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Given the diversity of devices, combined with the wide assortment of users who now connect to an enterprise network, absolute security may be impossible. But better endpoint security protection can be attained. There are various technologies that can help safeguard data stored on endpoints while protecting the network from devices that may be vulnerable to attack or already compromised. Network access control, data loss prevention and robust data destruction can work together for better endpoint security protection and prevent devices from putting enterprise data at risk.
What NAC does
Network access control (NAC) is a key technology for admission control, based on the overall security posture of users and their devices. Preadmission security policy checks, and the ability to automatically remediate noncompliant devices, ensure that each endpoint meets a minimum level of compliance before it can fully connect to the network. This not only ensures that endpoints are capable of protecting themselves from attack by malware, but also stops them from putting the rest of the network at risk. NAC can leverage user and device profiles in back-end data stores, such as Lightweight Directory Access Protocol, RSA and Active Directory. This enables routers, switches and firewalls to work together to determine who or what is trying to connect to the network and assign the appropriate access. This provides better endpoint security protection through greater coordinated defense-in-depth with security controls able to share their knowledge of network and device behavior.
NAC products can provide detailed information about the status of an endpoint's security: Are all necessary patches applied? Is hard-drive encryption enabled? Is the host-based firewall running? Which ports are open? While answering these concerns, and more, context-aware capabilities provide ongoing protection during each network session. Support for more specialized equipment -- such as point-of-sale systems, kiosks, supervisory control and data acquisition systems that may connect to the network -- is also important, as is integrating NAC with mobile device management technologies so that the security status of mobile devices can be checked.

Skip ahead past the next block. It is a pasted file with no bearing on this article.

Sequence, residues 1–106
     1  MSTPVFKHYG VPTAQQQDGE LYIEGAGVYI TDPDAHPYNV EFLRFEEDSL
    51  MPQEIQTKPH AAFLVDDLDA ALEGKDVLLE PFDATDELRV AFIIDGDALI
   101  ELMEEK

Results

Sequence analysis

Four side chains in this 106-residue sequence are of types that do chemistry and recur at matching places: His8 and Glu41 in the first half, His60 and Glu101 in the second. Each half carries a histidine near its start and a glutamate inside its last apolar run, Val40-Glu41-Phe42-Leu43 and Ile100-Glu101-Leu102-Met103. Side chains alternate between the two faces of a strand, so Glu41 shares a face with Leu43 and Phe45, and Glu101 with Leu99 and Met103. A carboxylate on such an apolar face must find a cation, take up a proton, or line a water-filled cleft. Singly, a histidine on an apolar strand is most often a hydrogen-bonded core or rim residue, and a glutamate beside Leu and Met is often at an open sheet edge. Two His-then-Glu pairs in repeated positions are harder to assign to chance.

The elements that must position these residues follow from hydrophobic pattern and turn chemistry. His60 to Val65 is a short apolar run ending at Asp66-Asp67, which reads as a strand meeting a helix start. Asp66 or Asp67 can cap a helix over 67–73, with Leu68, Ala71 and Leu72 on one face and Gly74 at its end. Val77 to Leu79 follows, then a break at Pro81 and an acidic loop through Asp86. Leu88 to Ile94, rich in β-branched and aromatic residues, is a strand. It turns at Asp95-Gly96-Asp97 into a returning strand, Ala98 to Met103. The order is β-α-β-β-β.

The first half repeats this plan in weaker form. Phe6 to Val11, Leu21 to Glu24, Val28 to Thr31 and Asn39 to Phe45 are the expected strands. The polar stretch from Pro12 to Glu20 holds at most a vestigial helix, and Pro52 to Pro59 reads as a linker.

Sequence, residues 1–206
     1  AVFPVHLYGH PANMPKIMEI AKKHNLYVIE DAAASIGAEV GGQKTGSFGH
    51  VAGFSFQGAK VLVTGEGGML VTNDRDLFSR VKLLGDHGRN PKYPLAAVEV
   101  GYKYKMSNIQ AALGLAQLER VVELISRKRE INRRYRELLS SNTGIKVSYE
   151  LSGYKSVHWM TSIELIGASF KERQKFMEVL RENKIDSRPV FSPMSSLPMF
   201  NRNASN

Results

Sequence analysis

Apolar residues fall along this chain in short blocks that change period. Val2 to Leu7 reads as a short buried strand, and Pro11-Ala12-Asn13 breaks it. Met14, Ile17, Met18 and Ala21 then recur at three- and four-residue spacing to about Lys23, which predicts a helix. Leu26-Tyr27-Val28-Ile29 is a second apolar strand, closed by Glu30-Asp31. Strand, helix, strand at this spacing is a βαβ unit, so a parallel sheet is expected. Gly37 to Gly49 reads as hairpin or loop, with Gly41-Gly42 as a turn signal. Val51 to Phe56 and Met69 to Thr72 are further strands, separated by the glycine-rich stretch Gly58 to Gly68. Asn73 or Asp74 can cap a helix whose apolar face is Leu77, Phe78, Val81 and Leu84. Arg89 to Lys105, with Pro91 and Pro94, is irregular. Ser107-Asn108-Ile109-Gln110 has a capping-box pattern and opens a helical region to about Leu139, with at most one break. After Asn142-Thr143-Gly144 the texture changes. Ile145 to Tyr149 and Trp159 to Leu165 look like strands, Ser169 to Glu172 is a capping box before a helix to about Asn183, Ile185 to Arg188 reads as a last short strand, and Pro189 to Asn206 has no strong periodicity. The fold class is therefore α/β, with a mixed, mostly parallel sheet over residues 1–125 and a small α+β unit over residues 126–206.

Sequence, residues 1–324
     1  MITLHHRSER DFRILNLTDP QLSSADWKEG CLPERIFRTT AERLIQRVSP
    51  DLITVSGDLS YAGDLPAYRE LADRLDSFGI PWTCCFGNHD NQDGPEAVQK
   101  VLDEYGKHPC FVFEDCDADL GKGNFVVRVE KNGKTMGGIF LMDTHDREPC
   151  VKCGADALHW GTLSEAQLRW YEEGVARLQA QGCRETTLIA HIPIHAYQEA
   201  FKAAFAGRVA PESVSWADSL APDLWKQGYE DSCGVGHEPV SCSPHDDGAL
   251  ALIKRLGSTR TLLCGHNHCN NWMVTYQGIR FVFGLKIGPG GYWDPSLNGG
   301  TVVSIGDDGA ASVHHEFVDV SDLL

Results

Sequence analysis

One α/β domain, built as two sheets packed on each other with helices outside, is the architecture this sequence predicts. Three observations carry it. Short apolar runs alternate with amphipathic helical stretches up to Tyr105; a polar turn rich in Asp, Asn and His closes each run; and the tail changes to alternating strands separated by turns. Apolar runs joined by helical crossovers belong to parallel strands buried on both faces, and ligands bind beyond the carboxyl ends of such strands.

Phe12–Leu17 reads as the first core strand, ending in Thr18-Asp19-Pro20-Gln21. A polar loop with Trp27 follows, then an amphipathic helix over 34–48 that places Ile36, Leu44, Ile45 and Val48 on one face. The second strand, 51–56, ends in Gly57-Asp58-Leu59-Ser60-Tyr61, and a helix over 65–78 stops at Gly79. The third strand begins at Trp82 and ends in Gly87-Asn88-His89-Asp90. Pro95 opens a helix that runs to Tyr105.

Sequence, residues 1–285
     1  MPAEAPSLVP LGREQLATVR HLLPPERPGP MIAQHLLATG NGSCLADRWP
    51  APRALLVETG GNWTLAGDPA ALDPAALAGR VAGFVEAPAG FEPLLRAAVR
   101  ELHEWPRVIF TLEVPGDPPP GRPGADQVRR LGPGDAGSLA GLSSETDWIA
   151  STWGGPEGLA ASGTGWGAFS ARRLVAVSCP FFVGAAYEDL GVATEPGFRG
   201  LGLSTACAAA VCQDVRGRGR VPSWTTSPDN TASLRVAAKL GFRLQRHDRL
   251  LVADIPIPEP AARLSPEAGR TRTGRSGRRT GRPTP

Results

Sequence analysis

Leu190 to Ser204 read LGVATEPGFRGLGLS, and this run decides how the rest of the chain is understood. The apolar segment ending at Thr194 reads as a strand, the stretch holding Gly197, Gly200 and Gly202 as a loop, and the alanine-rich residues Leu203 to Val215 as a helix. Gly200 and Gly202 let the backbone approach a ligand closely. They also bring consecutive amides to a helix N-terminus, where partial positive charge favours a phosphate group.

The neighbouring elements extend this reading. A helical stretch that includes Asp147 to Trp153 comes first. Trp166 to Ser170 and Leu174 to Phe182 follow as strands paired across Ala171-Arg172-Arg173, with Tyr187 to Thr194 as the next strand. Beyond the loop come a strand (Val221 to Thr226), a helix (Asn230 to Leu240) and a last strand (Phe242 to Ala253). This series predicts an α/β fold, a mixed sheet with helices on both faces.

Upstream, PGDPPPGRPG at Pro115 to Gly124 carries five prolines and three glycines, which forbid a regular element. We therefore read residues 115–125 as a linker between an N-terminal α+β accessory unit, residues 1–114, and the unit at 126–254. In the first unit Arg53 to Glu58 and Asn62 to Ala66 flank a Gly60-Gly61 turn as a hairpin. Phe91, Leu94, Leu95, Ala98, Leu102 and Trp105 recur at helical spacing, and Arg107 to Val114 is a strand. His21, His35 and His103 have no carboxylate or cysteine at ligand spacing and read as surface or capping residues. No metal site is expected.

Where DLP fits
While NAC can keep endpoints compliant and control their access to resources, data loss prevention (DLP) technologies provide better endpoint security protection by defending the data on devices from unauthorized attempts by careless or malicious users to copy or share it. DLP tools use deep content filtering to inspect and control the data a user or device is trying to download, copy, print, share or transfer to both prevent unauthorized use and stop sensitive data from leaving the network. This provides real-time data protection as user accounts can be automatically disabled or devices quarantined as soon as a suspicious data -- e.g., large uploads or downloads, odd login times and so on -- transfer begins.
They can be stand-alone or cloud-based tools, or integrated into existing endpoint security suites. Extending data loss prevention to mobile devices, whether corporate- or user-owned, usually requires some form of mobile device management product. Many of these can also ensure data on mobile devices is always encrypted.
Required: Data Destruction
Encryption should, of course, be used on all endpoints, but the less sensitive data left on devices, the better it is for endpoint security. The turnover of network endpoints has never been higher, and data destruction polices need to be applied to all devices that have the ability to store data. Correctly sanitizing an endpoint's drive or flash storage when it is reassigned or decommissioned is essential to destroying all the electronic data on it; normal file deletion commands only remove pointers to the data, which means it takes only a trivial effort, using common software tools, to recover the actual data.
Better endpoint security protection requires reducing the number of endpoints holding forgotten copies of classified information, which reduces the chances of enterprise data being leaked or exposed. Combining robust data destruction with NAC and DLP technologies will greatly improve the overall security of endpoints and the data they store or process.
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